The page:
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Academic's murder sparks Hindu protest

Academic's murder sparks Hindu protest

Author: Alastair Lawson in Dhaka
Publication: BBC News
Date: November 24, 2001

Minority Hindus in the southern Bangladeshi port city of Chittagong have staged a violent protest following the murder of a prominent university professor.

The professor, Gopal Krishna Mahuri, was shot dead at point-blank range on Friday by unidentified assailants.

His killers escaped after the shooting.

Protesters said he was killed because he was a Hindu, but it was unclear if the murder was connected to the persecution of Bangladeshi Hindus since the election.

Violent mob

The murder of Professor Mahuri coincided with a visit to Chittagong by Bangladeshi Home Minister Altaf Hossain Chowdhury.

Violence flared when Mr Chowdhury and another minister went to the murdered professor's home to express their condolences.

The officials were met by a predominantly Hindu mob, who were only dispersed by police with batons.

The government has stressed the country's minority Hindu community has not been targeted since the new government, which contains two hard-line Muslim parties, was elected last month.

But rights groups in India say they have documented widespread atrocities committed by Muslim radicals against the Hindu community.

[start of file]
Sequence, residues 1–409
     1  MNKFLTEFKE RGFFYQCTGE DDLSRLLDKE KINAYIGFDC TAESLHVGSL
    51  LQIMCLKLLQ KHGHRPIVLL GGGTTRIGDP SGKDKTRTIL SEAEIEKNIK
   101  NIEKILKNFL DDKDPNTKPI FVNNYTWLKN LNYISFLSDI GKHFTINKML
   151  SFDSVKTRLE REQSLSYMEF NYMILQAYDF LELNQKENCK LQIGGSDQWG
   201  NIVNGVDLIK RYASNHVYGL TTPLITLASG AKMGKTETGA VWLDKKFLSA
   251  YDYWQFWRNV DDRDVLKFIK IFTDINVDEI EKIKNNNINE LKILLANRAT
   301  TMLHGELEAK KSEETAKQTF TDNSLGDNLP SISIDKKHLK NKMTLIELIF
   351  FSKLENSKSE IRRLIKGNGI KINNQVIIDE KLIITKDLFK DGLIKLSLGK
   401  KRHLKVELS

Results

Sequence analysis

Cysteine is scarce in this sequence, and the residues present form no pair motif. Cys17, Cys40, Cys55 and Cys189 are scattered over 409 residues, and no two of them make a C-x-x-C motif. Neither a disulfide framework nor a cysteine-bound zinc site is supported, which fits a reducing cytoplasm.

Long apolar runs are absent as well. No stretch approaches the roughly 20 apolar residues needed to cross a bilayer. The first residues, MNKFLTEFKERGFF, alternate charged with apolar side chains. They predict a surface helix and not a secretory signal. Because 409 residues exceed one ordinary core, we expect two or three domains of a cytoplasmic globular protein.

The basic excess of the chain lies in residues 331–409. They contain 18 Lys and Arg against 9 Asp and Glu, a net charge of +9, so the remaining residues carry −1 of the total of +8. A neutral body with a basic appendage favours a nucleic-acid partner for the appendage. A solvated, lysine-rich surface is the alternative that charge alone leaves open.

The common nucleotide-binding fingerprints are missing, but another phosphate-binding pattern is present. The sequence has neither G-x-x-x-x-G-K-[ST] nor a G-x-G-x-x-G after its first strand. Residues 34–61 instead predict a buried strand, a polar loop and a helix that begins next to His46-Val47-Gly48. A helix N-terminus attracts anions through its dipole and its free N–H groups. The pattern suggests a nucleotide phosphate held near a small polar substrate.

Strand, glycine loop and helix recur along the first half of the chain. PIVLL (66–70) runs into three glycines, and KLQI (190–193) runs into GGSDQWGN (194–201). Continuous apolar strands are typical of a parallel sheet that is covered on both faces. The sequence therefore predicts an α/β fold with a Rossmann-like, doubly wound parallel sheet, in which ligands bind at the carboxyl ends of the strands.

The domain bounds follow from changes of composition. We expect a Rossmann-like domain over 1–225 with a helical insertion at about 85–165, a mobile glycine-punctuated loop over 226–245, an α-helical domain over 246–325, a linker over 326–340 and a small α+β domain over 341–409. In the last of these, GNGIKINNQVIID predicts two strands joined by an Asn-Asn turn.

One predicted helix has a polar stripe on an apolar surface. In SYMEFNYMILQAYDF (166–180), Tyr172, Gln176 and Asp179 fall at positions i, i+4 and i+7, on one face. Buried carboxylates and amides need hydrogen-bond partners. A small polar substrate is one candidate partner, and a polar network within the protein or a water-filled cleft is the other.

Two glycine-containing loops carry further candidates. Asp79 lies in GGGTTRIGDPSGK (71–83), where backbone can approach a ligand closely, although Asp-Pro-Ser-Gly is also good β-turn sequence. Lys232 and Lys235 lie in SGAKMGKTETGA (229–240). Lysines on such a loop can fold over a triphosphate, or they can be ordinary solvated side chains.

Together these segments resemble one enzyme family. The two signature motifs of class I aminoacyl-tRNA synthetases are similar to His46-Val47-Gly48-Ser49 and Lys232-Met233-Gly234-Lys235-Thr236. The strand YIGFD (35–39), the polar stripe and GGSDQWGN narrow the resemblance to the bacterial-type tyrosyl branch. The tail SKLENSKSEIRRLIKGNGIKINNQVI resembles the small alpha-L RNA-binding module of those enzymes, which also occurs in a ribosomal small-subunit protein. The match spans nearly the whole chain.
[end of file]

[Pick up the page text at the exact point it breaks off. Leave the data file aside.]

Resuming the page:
Violence on university campuses is commonplace in Bangladesh, and Professor Mahuri's murder may not have been connected to recent events.

Yet there is little doubt that many in the Hindu community do feel frightened at the moment.

The government strenuously insists that few people in Bangladesh are attacked because of their faith.

But the family of the dead professor say that he was unpopular with the hardline Jammat-i-Islami party because he refused to allow them and other political parties to practise student politics on the campus where he worked.

Professor Mahuri was a widely respected academic who had taught at Nazirhat College in Chittagong for more than 35 years.

Recently he delayed his retirement to be principal of the college, which has about 3,000 students.

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